# More combinatorial fun!

#### MarkFL

Staff member
Evaluate the given sum:

$$\displaystyle S_n=\sum_{k=0}^n\left(\frac{1}{k+1}{n \choose k} \right)$$

#### caffeinemachine

##### Well-known member
MHB Math Scholar
Evaluate the given sum:

$$\displaystyle S_n=\sum_{k=0}^n\left(\frac{1}{k+1}{n \choose k} \right)$$
The integral of the binomial expansion of $(1+x)^n$ from $x=0$ to $1$ is the required sum. Thus $\int_{0}^1(1+x)^ndx=S_n$. This gives $S_n=\left.\frac{(x+1)^{n+1}}{n+1}\right|_{0}^1= \frac{2}{n} -\frac{1}{n}$.

#### MarkFL

Staff member
The integral of the binomial expansion of $(1+x)^n$ from $x=0$ to $1$ is the required sum. Thus $\int_{0}^1(1+x)^ndx=S_n$. This gives $S_n=\left.\frac{(x+1)^{n+1}}{n+1}\right|_{0}^1= \frac{2}{n} -\frac{1}{n}$.
While this is an very straightforward method (much more elegant than my pre-calculus approach), your end result is incorrect, but only because you did not apply the FTOC correctly. #### caffeinemachine

##### Well-known member
MHB Math Scholar
While this is an very straightforward method (much more elegant than my pre-calculus approach), your end result is incorrect, but only because you did not apply the FTOC correctly. Ah.. I see. I should get $\frac{2}{n+1} - \frac{1}{n+1} = \frac{1}{n+1}$. Where have I committed a mistake? I cannot find it. And what was your solution. I'd be interested in a pre-calculus solution.

#### MarkFL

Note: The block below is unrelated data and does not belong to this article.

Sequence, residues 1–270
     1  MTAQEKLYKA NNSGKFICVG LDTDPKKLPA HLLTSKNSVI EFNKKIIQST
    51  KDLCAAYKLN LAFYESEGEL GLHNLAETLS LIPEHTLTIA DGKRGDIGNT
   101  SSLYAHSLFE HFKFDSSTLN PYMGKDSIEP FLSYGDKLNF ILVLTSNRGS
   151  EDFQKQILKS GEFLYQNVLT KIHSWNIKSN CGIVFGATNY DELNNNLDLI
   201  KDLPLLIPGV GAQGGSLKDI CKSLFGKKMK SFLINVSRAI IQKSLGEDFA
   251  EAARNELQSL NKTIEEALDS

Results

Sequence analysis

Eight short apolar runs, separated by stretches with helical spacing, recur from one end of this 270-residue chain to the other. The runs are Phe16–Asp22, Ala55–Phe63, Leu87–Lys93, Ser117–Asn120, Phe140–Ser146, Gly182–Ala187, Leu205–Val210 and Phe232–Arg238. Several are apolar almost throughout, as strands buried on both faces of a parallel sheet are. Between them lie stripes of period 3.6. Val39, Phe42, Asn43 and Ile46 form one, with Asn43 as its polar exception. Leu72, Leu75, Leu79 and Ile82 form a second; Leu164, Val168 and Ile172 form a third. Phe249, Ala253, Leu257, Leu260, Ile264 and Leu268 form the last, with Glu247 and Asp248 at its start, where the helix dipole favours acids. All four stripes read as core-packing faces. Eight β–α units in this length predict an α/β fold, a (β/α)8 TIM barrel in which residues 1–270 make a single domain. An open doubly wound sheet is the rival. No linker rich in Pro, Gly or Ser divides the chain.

Staff member
Ah.. I see. I should get $\frac{2}{n+1} - \frac{1}{n+1} = \frac{1}{n+1}$. Where have I committed a mistake? I cannot find it. And what was your solution. I'd be interested in a pre-calculus solution.
You should get:

$$\displaystyle S_n=\left.\frac{(x+1)^{n+1}}{n+1}\right|_{0}^1= \frac{(1+1)^{n+1}}{n+1}-\frac{(0+1)^{n+1}}{n+1}=\frac{2^{n+1}-1}{n+1}$$

I will post my solution soon, but I want to give others a chance to post their solutions first. #### caffeinemachine

##### Well-known member
MHB Math Scholar
You should get:

$$\displaystyle S_n=\left.\frac{(x+1)^{n+1}}{n+1}\right|_{0}^1= \frac{(1+1)^{n+1}}{n+1}-\frac{(0+1)^{n+1}}{n+1}=\frac{2^{n+1}-1}{n+1}$$

I will post my solution soon, but I want to give others a chance to post their solutions first. haha. I wasn't doing the algebra right. How silly of me.

##### Well-known member
Should use MarkFL’s solution approach ( he had solved a problem in this approach)

(nCk)/(k+1) = n!/(k! * (n-k)!) * (k+1) = 1/(n+1) ( n+ 1 C k+1)

So sum (nCk)/(k+1) = 1/(n+1) (sum (n+1 C k) - (n+1 C 0))
= 1/(n+1) (sum (n+1Ck) - 1)
= 1/(n+1) ( 2^(n+1) – 1)

#### MarkFL

Staff member
Here's my solution:

Using the binomial theorem, we may state:

$$\displaystyle 2^{n+1}=(1+1)^{n+1}=\sum_{k=0}^{n+1}{n+1 \choose k}$$

Next, apply the identities:

$$\displaystyle {n \choose 0}=1$$

$$\displaystyle {n+1 \choose r}=\frac{n+1}{r}{n \choose r-1}$$

and so we have:

$$\displaystyle 2^{n+1}=1+(n+1)\sum_{k=1}^{n+1}\left(\frac{1}{k}{n \choose k-1} \right)$$

Subtracting through by $1$ and re-indexing the sum, we have:

$$\displaystyle 2^{n+1}-1=(n+1)\sum_{k=0}^{n}\left(\frac{1}{k+1}{n \choose k} \right)$$

Dividing through by $n+1$ and using $$\displaystyle S_n=\sum_{k=0}^n\left(\frac{1}{k+1}{n \choose k} \right)$$ we find:

$$\displaystyle S_n=\frac{2^{n+1}-1}{n+1}$$